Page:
# Proof that posterior median is the Bayes estimate of absolute loss?

It is always argued that the posterior median is the Bayes estimate associated to the absolute loss function. The proofs I have come across rely on differentiating the conditional Bayesian risk and equating this to zero. However, this shows that this is an inflection point, but not that it is a minimum. How can one prove that the posterior median indeed minimizes the Bayesian risk? Most, if not all, textbooks just go next level and just leave it as an exercise to the poor reader.

$$2 \pi (\delta | x) \geq 0$$
• How do you get Zero? Are you using $d/dx \int_a^x f(y)dy =f(x)$ and $. - \int_x^a f(y)dy = \int_a^x f(y)dy$? Nov 14, 2018 at 1:58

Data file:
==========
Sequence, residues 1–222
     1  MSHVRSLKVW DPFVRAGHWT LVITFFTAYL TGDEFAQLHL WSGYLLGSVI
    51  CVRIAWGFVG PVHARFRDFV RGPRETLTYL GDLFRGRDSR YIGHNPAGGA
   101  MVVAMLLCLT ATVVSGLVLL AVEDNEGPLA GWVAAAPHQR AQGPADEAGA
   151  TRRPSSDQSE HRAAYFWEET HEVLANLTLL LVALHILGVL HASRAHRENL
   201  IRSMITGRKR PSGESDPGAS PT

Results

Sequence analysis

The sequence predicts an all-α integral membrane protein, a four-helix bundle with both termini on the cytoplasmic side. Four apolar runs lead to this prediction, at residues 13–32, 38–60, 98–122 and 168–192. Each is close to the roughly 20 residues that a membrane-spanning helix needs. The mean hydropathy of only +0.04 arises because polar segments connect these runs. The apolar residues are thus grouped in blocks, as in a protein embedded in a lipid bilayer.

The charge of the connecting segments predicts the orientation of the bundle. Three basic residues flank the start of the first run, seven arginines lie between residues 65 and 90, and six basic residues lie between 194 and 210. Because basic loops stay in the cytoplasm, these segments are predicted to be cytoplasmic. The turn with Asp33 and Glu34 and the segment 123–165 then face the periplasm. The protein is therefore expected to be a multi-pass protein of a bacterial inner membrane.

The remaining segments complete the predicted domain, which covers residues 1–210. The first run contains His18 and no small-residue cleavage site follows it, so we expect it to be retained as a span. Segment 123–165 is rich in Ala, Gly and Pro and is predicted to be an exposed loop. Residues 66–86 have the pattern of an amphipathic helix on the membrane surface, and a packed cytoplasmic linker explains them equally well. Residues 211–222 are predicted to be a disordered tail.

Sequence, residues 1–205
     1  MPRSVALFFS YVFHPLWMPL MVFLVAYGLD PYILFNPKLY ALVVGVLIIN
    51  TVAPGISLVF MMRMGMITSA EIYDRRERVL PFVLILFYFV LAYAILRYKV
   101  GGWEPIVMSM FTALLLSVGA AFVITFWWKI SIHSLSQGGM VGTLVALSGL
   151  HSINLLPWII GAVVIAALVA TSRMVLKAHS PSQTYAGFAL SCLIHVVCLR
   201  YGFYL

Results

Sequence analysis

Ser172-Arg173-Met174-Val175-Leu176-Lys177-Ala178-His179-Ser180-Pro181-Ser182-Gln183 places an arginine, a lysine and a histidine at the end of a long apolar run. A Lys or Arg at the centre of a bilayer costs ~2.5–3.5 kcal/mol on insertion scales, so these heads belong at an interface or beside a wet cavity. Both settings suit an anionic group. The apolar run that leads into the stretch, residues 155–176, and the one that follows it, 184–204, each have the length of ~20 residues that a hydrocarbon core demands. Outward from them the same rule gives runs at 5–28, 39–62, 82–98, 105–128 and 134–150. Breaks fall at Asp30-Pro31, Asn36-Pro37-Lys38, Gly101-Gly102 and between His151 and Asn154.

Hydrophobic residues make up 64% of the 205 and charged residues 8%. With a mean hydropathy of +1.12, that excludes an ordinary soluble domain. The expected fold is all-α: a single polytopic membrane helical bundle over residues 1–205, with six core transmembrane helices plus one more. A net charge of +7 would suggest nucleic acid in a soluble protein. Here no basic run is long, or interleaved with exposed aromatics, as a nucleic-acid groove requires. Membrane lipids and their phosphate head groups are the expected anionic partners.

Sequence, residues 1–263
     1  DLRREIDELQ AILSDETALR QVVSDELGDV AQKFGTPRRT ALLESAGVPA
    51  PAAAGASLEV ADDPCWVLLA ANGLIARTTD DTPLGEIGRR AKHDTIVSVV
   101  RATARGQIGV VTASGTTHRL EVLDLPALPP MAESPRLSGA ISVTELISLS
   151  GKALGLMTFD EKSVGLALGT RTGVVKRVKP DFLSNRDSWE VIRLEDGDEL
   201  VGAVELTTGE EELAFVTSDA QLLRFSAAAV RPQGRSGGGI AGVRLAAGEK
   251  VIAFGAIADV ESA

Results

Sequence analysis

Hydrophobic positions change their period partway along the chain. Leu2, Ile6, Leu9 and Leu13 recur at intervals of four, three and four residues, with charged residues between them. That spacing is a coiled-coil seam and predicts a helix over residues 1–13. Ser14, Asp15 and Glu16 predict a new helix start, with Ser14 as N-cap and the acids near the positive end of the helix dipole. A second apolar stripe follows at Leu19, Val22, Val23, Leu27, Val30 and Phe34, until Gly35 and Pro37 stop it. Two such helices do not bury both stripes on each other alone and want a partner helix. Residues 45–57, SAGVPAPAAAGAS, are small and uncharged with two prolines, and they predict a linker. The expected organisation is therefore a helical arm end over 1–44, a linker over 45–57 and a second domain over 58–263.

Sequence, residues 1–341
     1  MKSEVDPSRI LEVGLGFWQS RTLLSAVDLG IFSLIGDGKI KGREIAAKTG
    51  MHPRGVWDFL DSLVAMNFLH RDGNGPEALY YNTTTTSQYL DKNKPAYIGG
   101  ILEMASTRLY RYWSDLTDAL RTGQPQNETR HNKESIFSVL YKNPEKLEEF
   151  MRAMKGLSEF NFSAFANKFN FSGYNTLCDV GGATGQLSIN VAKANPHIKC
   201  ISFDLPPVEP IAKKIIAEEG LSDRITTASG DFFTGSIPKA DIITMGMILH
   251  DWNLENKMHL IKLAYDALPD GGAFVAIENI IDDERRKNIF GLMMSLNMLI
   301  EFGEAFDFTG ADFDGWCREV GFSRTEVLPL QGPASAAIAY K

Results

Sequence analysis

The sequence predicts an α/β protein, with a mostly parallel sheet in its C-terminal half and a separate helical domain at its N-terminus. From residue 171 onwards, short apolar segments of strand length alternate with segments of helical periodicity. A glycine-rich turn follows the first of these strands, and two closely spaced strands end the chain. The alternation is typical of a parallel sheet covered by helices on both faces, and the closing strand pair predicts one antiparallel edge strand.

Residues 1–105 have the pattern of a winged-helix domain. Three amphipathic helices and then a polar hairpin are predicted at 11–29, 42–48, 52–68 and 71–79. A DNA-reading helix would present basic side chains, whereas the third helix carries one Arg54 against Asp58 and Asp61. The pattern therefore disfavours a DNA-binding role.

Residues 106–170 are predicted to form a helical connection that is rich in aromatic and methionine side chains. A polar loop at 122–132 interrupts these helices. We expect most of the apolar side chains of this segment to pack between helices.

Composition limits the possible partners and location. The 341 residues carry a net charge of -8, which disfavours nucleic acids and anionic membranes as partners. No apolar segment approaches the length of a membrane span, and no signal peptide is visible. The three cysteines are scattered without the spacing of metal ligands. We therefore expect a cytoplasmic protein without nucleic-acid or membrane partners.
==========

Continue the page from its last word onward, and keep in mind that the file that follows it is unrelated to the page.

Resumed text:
• The second derivative as a function of $\delta$ is not zero everywhere. The first derivative is $2 \int^\delta \pi(y)dy - 1$. Taking the derivative a second time gives the above result which is clearly not zero everywhere Nov 14, 2018 at 2:13
$$\require{cancel} \frac{\partial \rho}{\partial \delta} = \int_{-\infty}^{\delta}\pi(\theta|x)d\theta - \int_{\delta}^{\infty}\pi(\theta|x)d\theta \\ \frac{\partial^2 \rho}{\partial \delta^2} = \pi(\delta|x)\cdot1 - \cancel{\pi(\delta|x)\cdot0} + \cancel{\int_{-\infty}^{\delta}0d\theta} - [\cancel{\pi(\delta|x)\cdot0} - \pi(\delta|x)\cdot1 + \cancel{\int_{\delta}^{\infty}0d\theta}] = 2\pi(\delta|x)$$